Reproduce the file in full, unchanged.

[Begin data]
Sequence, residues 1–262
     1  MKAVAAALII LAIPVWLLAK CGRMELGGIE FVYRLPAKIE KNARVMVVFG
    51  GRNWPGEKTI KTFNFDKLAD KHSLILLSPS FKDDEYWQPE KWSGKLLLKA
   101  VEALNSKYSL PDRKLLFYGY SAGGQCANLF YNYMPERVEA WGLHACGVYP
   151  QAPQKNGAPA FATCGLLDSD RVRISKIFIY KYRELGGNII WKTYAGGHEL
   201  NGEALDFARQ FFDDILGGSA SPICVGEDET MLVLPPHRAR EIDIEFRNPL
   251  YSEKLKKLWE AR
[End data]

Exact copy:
Sequence, residues 1–262
     1  MKAVAAALII LAIPVWLLAK CGRMELGGIE FVYRLPAKIE KNARVMVVFG
    51  GRNWPGEKTI KTFNFDKLAD KHSLILLSPS FKDDEYWQPE KWSGKLLLKA
   101  VEALNSKYSL PDRKLLFYGY SAGGQCANLF YNYMPERVEA WGLHACGVYP
   151  QAPQKNGAPA FATCGLLDSD RVRISKIFIY KYRELGGNII WKTYAGGHEL
   201  NGEALDFARQ FFDDILGGSA SPICVGEDET MLVLPPHRAR EIDIEFRNPL
   251  YSEKLKKLWE AR